Amgueddfa Blog

Blog Homepage

After waiting for 36 hours we finally left port and headed north to the Barents Sea. The sea is incredibly calm [1] and now we are here it is also a strange shade of pale blue, not at all what I expected. All the time we are accompanied by fulmars, sitting in the water on our lee side [2] .

We have started at the northerly end of our transect around 72.5°N. At each station we carry out a video survey of the area using a trifid like camera array called the CAMPOD [3] . It is seen here being brought back into the hangar after its trip just above the sea bed. Inside the control room [4] the operators log all biological and geological features visible on the video displays. Sitting on the right Gjertrude controls the camera while Geno enters data into the log, behind on the computer is Valerie, one of the geologists, who notes the sediment types and out of sight but to the left is the winch-man who makes sure the array does not crash into the sea floor! The sea bed is rather featureless here, an expanse of mud with few animals visible. Too much of this mud was about to appear on deck.

One of the sampling gears is a 3m Beam Trawl, designed to skim over the surface of the sea floor catching the larger "megafauna" including fish. As you can see from the discoloured sea, swollen net and mud on deck it acted more like a dredge than a trawl [5, 6] . The 'mud-larks' (Torjuis, Gjertrude & Anne Helene) get stuck in and are soon satisfied with their work [7] . Cruise leader Lys accounts that none is missing and Geno contemplates having to sort the animals from the mud [8] .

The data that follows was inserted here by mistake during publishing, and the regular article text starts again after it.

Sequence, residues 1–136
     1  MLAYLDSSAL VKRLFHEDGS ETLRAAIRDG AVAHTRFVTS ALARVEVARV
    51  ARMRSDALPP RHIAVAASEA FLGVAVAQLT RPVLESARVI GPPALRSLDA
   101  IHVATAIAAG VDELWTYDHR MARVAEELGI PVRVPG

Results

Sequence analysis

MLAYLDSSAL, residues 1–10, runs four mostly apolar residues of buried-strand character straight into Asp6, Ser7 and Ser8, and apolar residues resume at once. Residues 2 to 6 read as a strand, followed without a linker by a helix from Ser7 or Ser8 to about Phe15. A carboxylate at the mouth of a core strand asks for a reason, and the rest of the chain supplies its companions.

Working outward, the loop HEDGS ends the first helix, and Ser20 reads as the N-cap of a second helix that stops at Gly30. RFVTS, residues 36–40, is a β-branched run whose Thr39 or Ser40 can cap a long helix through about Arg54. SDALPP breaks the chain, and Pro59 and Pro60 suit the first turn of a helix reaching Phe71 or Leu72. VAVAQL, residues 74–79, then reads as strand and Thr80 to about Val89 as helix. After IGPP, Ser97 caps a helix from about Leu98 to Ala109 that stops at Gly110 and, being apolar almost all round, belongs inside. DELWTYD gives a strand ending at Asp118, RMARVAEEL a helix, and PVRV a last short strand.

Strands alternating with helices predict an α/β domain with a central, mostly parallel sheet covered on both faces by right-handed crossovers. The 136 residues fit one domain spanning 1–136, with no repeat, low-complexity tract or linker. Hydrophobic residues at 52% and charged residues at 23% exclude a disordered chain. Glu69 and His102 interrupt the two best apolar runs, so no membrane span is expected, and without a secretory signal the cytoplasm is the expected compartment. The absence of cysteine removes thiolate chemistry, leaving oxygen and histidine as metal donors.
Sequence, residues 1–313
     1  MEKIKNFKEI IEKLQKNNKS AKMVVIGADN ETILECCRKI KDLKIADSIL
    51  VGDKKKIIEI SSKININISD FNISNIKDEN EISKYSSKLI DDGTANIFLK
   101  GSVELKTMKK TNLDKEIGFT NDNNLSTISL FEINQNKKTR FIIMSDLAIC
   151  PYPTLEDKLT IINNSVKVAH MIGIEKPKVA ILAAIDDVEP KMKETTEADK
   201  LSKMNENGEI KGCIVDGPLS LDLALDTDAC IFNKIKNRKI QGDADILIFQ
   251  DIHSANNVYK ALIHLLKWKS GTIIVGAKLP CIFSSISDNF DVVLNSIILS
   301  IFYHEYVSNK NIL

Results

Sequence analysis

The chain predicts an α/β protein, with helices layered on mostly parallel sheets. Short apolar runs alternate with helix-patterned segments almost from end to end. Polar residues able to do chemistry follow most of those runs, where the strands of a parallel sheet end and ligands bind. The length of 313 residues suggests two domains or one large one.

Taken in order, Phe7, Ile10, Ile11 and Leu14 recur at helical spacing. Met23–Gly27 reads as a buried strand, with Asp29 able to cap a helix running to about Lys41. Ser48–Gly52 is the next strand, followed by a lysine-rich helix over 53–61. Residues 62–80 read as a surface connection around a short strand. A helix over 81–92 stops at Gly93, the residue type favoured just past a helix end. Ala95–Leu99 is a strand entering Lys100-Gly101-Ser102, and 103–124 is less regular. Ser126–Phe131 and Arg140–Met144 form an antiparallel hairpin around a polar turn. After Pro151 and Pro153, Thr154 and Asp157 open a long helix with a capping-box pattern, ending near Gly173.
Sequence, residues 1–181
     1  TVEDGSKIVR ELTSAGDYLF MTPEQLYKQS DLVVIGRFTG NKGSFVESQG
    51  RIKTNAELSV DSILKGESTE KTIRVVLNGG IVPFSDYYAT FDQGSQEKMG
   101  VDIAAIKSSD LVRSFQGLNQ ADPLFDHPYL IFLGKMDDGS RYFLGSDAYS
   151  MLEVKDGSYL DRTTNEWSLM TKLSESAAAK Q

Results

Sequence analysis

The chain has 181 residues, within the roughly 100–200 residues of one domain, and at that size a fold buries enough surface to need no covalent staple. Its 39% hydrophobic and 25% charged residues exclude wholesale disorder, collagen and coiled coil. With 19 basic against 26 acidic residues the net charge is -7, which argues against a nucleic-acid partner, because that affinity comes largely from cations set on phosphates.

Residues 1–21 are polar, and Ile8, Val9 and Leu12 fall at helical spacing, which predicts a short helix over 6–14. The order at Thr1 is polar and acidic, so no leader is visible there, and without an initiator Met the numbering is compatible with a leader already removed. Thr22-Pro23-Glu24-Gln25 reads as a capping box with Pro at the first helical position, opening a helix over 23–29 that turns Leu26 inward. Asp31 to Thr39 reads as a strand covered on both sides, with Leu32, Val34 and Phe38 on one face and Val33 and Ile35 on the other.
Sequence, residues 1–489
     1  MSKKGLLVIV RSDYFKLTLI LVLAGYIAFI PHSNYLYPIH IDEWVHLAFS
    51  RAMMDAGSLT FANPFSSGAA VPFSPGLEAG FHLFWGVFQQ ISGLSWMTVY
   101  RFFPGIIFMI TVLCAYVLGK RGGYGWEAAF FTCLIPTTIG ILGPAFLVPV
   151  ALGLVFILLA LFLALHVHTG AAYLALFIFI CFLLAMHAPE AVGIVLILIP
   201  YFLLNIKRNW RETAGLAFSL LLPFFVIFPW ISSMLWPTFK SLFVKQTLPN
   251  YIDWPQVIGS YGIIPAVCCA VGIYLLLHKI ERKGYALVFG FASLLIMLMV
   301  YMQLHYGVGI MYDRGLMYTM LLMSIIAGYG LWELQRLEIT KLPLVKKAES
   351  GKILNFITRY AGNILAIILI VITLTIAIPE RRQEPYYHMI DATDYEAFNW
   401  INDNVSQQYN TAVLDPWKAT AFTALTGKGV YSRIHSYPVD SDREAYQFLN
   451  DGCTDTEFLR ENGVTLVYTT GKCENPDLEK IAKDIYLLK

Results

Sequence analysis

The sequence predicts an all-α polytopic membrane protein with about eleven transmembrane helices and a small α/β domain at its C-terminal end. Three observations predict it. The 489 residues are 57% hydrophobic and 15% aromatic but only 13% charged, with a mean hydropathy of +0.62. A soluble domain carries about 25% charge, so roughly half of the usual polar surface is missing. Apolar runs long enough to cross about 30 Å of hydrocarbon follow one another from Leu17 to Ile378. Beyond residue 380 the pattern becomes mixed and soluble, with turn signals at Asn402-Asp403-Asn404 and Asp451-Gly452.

I quite like mud. It usually results in bivalves and I was not disappointed. The large Arctic cockle [9] is the most obvious but most common were, sorry for Latin names, Bathyarca glacialis [10] and Astarte sulcata [11] . Among the other ten, I got two of the species I had come for, over fifty specimens of Mendicula and twenty of Thyasira. You can look at my web site if you want to see more http://naturalhistory.museumwales.ac.uk/britishbivalves/. Perhaps the most appealing are these cushion stars [12] while the sponge is positively weird [13] . The cushion stars are apparently the favoured food of the king crab [14] . The giant was introduced into the region from the north Pacific by Russian fishermen who hoped to make their fortunes but it is turning into an environmental disaster as these voracious predators destroy everything in their advance down the coast of Norway.

Dr Graham Oliver

Honorary Research Fellow (Natural Sciences)
View Profile

Leave a comment